The waters of Smith's Sound are calm, the air warm on this late-July morning, as a team of researchers lower a bright yellow mini-submarine into the water from the wharf at Lower Lance Cove. Graduate student Katy MacPherson from England, and a team of researchers from Memorial University, are on a mission. They are hoping the Explorer, Memorial University's Autonomous Underwater Vehicle (AUV) will collect enough data about the topography and plant life beneath the water of Smith's Sound to help them determine why this area is a favourite gathering place for cod.
Smith's Sound runs the length of the North side of Random Island; the fjord-like channel is fed by the waters of Trinity Bay.
For years, scientists from Memorial and the Department of Fisheries and Oceans (DFO) have been tagging and tracking cod, proving this area is the over-wintering home for large congregations of cod. The research has shown that the cod swim to the Sound in the fall and early winter, and swim out again in spring to the further reaches of Trinity, Bonavista and Notre Dame Bay.
Dr. John Bratty of DFO has tracked their migratory path, by implanting battery-operated transmitters in cod and tracking them with underwater receivers set up along the coast all the way to Notre Dame Bay.
Meanwhile, Dr. George Rose of the Marine Institute, and other fisheries scientists, have been collecting reams of data from here since the mid-1990s, building a picture of water temperatures and salinity.
MacPherson hopes to add to the data by determining what Smith's Sound looks like underwater. The submarine will help her do that, mapping not only the topography of the seabed but using sonar to tell scientists exactly what type of sediment and plant life is at the bottom.
The technology they're using is a little different than the typical Remotely Operated Vehicle (ROV) explains Ron Lewis. "This is much more hydro-dynamically efficient than a ROV," said Lewis. "On a full (battery) charge it can cover 60-70 km a day." "And it isn't tethered, so you can cover a lot more area and it can go deeper and stay down longer than a ROV."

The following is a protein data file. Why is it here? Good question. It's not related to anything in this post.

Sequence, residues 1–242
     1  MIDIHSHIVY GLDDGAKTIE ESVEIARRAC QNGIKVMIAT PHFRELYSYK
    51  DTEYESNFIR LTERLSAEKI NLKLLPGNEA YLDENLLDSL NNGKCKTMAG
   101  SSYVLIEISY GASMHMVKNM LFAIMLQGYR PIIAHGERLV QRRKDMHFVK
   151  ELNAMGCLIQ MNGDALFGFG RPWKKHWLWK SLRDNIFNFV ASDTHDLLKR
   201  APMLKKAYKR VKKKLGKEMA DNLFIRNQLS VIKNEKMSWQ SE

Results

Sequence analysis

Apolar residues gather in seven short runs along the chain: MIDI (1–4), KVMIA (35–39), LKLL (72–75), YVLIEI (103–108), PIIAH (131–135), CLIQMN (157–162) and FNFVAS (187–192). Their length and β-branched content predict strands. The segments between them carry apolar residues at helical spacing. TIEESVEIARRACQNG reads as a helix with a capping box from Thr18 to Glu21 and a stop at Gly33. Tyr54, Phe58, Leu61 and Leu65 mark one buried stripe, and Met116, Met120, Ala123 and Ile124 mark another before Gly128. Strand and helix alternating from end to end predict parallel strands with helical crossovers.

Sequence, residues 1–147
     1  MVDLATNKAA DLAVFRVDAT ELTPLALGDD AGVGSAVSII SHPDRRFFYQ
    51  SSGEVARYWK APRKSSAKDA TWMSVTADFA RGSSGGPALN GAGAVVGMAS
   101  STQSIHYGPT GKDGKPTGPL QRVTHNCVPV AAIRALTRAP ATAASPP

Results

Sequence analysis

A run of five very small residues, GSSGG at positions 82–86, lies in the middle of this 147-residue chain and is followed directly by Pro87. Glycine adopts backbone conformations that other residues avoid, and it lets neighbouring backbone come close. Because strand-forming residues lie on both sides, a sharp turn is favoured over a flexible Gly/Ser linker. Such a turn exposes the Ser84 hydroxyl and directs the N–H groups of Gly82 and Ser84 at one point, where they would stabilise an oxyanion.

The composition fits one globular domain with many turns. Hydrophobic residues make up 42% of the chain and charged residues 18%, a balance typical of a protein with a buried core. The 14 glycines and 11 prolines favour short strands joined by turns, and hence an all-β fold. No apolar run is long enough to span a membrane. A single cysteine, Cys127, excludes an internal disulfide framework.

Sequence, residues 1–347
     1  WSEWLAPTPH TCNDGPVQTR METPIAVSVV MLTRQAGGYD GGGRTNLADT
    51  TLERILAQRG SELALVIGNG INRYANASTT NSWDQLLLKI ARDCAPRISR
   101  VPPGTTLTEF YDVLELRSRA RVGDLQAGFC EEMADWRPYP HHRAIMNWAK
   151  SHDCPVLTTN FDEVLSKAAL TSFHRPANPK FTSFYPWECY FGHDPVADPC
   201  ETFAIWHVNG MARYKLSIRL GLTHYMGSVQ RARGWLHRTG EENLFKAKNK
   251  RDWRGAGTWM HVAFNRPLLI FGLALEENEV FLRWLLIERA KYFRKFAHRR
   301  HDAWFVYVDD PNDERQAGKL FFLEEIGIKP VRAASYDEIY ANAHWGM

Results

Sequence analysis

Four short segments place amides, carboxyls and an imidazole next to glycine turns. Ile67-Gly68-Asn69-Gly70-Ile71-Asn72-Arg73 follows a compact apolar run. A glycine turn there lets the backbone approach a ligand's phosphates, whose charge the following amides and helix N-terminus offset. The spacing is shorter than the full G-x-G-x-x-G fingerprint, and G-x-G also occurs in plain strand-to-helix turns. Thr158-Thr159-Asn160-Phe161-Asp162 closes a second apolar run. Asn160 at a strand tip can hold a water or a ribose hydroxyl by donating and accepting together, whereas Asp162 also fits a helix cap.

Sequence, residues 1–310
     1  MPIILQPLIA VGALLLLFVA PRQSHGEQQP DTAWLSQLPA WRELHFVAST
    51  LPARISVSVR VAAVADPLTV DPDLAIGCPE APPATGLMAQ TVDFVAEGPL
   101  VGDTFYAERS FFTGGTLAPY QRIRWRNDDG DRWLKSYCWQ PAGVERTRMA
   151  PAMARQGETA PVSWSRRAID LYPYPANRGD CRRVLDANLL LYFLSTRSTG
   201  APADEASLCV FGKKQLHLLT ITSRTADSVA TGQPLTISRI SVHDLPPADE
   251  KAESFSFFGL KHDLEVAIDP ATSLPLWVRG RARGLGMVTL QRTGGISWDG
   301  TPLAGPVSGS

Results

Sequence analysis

Before they launch the mini-sub, researchers program its computer to follow a certain path for the dive. They monitor the sub, computer to computer, to check its progress through the dive, but other than that the vehicle carries on until its mission for the day is complete and then it comes to the surface.
Unlike a ROV, it does not carry a video camera. Instead, the submarine "sees" with sonar; using sound waves to create a data picture for scientists. Because it can operate close to the seabed, Lewis said, the clarity of the sonar image is better than a sonar image obtained from a vessel operating at the surface. The team has been in the Smith's Sound area for most of July, and will wrap up the mission within the next week or so.
MacPherson is not just collecting data for science on this project; she will also use the information for her thesis for her Masters in Geography. She says before she started this project, she didn't know about Smith's Sound, or even Newfoundland for that matter. When she was seeking out a good location to do habitat mapping, she said Smith's Sound jumped out as an area that already had a lot going on with it. "There's already a lot of detail on the fish regarding fish abundance, fish stomach contents and so on and I just thought it would be incredibly interesting to add that extra layer of data to the knowledge that's already here.
"What we're going to be adding in is that little bit of information about what the bottom is like, and if that has anything to do with the activities of the fish." To wind up her project, MacPherson will be going out on the water with local fishermen to get 'grab samples" of the sediment from the ocean floor.
While she won't have her thesis completed until next year, MacPherson says snippets of information from this research will be available to other scientists as it is compiled.
While the main aim of this project is to map and collect information about the seafloor in Smith's Sound, they may collect a little bit of historical information about the area as well. With its side-scan sonar, explained Lewis, the sub may be able to detect any debris from long-ago shipwrecks in the area and pass that information along to the archaeology department at Memorial University.